A South Kona homeowner is facing thousands in fines for reportedly operating an illegal vacation rental a stone’s throw from Pebble Beach.
The home, situated on 0.3 acres near the bottom of Kaohe Road in the Kona Paradise subdivision of Kaohe, has apparently been used as a transient vacation for more than a decade. That’s despite a conservation district permit granted allowing for the residence to be built but prohibiting such activity, documents submitted to the state Board of Land and Natural Resources show.
Staff came across the Gary and Caroline Killeen’s property on Oct. 9, 2019, as they were researching an unrelated case involving an alleged residence as a transient vacation rental in the area on the Vacation Rentals by Owner website. Advertisement names for the Killeen property included “Opihihale” and “Paradise Ocean Hale.”
“Further scrutiny of the vrbo.com advertisement for the subject property and associated SFR (single-family residence) revealed that it cost an average $250 per night with a minimum stay of 3 to 7 nights,” the staff wrote.
The advertisement also included 99 reviews, including one dating to 2009 titled “Million Dollar View.” Staff stated in the report the review indicates the property has been used for transient rental purposes prior to being listed on vrbo.com.
After the state sent the Killeens a notice of alleged violation and order, the advertisement was removed by Oct. 23, 2019.
The 1,560-square-foot single-family residence features three bedrooms and two bathrooms and overlooks Pebble Beach. The residence was permitted under a conservation district use application granted in 1990 after the subject parcel had been fined $1,000 for three unauthorized uses in relation to development.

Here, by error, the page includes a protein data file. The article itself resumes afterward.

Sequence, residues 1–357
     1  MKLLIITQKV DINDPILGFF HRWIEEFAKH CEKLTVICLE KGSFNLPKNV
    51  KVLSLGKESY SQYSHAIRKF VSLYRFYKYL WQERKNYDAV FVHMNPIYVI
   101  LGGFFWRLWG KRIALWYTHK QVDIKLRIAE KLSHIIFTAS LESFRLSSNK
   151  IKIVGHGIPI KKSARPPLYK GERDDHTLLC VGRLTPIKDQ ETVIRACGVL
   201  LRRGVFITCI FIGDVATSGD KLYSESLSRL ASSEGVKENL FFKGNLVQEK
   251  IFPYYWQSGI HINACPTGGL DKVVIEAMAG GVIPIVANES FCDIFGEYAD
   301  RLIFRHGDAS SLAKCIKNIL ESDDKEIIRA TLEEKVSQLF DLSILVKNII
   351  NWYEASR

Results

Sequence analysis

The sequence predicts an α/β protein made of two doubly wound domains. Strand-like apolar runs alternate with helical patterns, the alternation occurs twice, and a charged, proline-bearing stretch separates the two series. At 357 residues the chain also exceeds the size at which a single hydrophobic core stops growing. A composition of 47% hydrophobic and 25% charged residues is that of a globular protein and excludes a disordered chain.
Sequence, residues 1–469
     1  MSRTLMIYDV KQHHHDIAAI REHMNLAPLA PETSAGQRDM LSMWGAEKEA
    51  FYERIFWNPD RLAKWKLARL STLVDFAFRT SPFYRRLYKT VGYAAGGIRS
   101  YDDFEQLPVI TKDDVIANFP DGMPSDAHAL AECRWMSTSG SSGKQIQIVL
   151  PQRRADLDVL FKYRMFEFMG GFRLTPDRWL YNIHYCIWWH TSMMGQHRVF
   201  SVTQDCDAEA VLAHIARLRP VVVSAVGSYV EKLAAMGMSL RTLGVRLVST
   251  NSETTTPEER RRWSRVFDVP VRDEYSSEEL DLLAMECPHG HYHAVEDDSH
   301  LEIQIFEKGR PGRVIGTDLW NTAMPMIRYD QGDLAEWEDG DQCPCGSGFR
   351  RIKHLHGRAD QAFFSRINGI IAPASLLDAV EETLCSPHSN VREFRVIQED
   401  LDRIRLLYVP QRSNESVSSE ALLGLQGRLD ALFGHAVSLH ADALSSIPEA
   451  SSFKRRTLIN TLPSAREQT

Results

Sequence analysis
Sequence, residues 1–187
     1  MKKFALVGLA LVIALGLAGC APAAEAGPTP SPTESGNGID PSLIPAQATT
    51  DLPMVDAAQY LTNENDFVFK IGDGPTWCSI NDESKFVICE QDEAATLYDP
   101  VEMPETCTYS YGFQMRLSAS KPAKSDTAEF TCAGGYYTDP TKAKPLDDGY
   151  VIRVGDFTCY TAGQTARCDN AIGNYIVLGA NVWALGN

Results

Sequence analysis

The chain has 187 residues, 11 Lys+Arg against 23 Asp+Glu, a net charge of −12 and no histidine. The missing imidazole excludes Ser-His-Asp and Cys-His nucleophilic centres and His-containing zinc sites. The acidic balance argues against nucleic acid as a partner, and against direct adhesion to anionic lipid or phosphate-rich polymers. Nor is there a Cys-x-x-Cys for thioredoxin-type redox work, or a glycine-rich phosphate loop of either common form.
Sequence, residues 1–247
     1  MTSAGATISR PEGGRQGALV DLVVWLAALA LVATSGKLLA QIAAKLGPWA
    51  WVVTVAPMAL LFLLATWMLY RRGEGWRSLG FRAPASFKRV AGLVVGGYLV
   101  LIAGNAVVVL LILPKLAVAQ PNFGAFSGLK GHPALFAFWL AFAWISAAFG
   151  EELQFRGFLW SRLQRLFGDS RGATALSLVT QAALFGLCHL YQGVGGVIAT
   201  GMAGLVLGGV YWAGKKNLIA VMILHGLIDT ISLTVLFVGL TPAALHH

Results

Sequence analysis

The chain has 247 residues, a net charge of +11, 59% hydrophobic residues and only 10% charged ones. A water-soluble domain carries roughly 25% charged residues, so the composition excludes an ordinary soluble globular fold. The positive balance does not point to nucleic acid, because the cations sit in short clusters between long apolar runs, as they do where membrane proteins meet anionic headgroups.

Conditions of the permit stated the dwelling cannot be used for rental or any other commercial purposes, unless approved by the board, and further prohibited transient rentals, or stays of less than 180 days, according to the state.
“The use of the property and associated SFR for transient rental purposes intensifies human activities as well as the uses and stresses of the area’s natural and cultural resources. Transient rentals are not consistent with neither the intentions of Hawaii’s residential neighborhoods nor the character of rural residential areas such as South Kona,” the staff wrote in their analysis. “Based on the above, the use of the property and associated SFR for transient rental activities do not align with neither the purpose of the Conservation District nor the objective of Limited Subzone and are therefore strictly prohibited in these areas.”
The staff recommended a monetary fine of $15,000 and administrative costs of $2,000 be assessed against the Killeens by the board.
The Board of Land and Natural Resources is set to take up the matter during its monthly meeting today in Honolulu.
Further recommendations included a directive from the board that such activities cease on the property and all advertisements that promote transient rental accommodations there be removed and that in the event the Killeens do not abide by the board’s order, the landowner be fined $15,000 per day until compliance is reached, among others. The staff also recommended revoking the 1990 permit should the Killeens continue to use the single-family residence for rental or commercial purposes.
Under Hawaii County’s new vacation rental law, operating a vacation rental on agricultural zoned land became prohibited effective Sept. 30, 2019, unless a short-term vacation rental noncomforming use certificate is approved by the Department of Planning.
A check of nonconforming use certificate applications submitted to Hawaii County through Sept. 30, 2019, did not list the Killeens or the property.
The county has previously stated most denials of conforming use applications relate to a state land use law that restricted structures to only farm dwellings in lots created after June 4, 1976, in agriculture districts. Others were denied because of shoreline violations in special management areas or for illegal or unpermitted structures.
Attempts to reach the couple were unsuccessful as of press time Thursday. County tax records do list a Lake Havasu City, Arizona, address for the couple.
The Department of Land and Natural Resources also did not respond to a request for comment on the allegation, as well as if it is looking at other properties in conservation districts for potential violations.